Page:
New PBS Documentary Exposes Human Toll Of Oil Boomtown In North Dakota

The boomtown has always loomed large in the American imagination, but as it makes a comeback in this age of overabundant US oil and gas production, it’s more timely than ever to examine the real impacts on people and communities of the new oil boom — and the inevitable bust.

Filmmaker Jesse Moss has done just that in his new documentary The Overnighters, which captures the human consequences of the oil boom in Williston, North Dakota.

EPA's New Fracking Study: A Close Look at the Numbers Buried in the Fine Print

When EPA’s long-awaited draft assessment on fracking and drinking water supplies was released, the oil and gas industry triumphantly focused on a headline-making sentence: “We did not find evidence of widespread, systemic impacts on drinking water resources in the United States.”

But for fracking’s backers, a sense of victory may prove to be fleeting.

EPA’s draft assessment made one thing clear: fracking has repeatedly contaminated drinking water supplies (a fact that the industry has long aggressively denied).

How an Environmental Journalist Became an Apologist for the Fossil Fuel Industry

The DeSmog UK epic history series turns to Richard D North, an environmental journalist who later took money from ExxonMobil, placing blame on consumers rather than fossil fuels for causing climate change.

During the ‘90s and early 2000s, ExxonMobil money was being refined through the London-based offices of free market think tank the Institute of Economic Affairs (IEA) before sloshing into the pockets of British journalists, including one admired environmental correspondent.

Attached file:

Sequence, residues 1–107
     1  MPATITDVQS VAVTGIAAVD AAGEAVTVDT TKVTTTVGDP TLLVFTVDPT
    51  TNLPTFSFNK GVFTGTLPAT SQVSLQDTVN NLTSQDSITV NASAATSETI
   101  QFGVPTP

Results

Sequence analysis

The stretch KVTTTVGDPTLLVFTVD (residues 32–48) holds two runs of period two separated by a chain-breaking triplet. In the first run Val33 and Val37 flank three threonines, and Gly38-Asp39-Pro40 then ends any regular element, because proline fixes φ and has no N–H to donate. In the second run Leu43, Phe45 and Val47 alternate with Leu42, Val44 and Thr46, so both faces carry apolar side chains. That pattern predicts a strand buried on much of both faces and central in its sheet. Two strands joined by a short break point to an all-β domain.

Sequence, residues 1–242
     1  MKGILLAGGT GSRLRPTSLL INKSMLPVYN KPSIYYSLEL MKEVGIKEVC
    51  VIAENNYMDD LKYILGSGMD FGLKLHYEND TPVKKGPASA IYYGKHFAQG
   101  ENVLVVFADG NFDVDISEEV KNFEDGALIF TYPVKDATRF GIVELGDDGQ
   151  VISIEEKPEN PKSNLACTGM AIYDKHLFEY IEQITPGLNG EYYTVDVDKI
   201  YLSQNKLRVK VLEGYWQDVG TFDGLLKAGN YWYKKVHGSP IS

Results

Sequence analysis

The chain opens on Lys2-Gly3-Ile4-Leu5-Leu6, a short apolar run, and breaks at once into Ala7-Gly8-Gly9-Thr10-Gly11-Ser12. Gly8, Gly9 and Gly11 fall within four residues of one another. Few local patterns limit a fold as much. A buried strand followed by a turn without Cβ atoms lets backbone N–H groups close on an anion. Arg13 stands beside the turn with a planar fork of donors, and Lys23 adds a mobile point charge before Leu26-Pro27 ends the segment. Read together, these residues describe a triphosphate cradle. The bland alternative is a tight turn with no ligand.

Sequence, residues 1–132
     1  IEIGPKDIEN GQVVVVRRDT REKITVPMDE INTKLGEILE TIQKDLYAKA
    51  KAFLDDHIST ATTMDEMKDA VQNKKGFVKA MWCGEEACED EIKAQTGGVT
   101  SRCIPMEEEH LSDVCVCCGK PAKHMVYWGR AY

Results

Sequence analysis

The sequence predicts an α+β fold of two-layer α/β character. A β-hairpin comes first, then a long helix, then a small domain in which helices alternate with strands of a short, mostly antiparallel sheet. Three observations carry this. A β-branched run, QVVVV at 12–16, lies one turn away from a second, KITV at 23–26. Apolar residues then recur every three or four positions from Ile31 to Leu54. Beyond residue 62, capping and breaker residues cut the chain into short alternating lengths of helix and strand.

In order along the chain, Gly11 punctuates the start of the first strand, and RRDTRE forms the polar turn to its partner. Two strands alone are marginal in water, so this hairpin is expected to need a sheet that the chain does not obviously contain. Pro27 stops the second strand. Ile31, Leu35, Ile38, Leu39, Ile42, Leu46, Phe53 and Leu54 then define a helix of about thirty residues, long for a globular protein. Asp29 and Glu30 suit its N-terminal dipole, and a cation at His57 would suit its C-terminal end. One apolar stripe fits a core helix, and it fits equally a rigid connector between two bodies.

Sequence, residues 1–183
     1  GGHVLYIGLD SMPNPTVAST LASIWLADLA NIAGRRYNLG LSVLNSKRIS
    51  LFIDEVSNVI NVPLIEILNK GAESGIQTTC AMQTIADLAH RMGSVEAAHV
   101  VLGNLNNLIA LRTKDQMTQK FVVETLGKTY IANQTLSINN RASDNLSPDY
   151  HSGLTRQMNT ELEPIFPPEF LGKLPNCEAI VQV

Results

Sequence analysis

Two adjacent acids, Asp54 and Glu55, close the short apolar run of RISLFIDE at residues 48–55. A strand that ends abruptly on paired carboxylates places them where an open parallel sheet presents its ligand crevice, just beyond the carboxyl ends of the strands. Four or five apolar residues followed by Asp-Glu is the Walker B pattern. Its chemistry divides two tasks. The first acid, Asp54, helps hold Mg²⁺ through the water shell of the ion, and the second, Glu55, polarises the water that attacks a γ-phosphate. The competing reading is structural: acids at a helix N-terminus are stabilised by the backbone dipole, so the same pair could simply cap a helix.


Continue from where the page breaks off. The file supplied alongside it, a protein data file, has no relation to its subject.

Richard D North was editor of the radical Vole magazine, the first environment editor hired by the left-liberal Independent newspaper, and “was one of the most respected environment correspondents in the 1980s.”

But then, inextricably, he had a change of heart and by 1995 had “become an apologist for industry”.

Are Coal, Oil and Gas the Subprime Assets of the Future?

This is a guest post by Dan Zegart

That question was actually asked by British Secretary of State for Energy and Climate Change Ed Davey last year, and its ramifications are extensively explored in a provocative report released today by the Center for International Environmental Law, a Washington, D.C. think tank.

According to CIEL, the answer to Davey’s question is a resounding “yes.”

Lifting the Crude Oil Export Ban: Daniel Yergin and the Anatomy of an Industry Public Relations Push

Daniel Yergin

This is a historic turning point,” said Daniel Yergin. “The defining force now in world oil today is the growth of U.S. production.”

That quote is from an article from November 2014 in the New York Times, which described Daniel Yergin as an “energy historian.” As the Pulitzer Prize winning author of The Prize, which BusinessWeek called “the best history of oil ever written,” it is a technically accurate but largely incomplete description of Yergin.

While Yergin has written about the history of oil and power, he is now also a major player in the game and is using this power to help shape history rather than just report on it. And, of course, to personally profit from these efforts.

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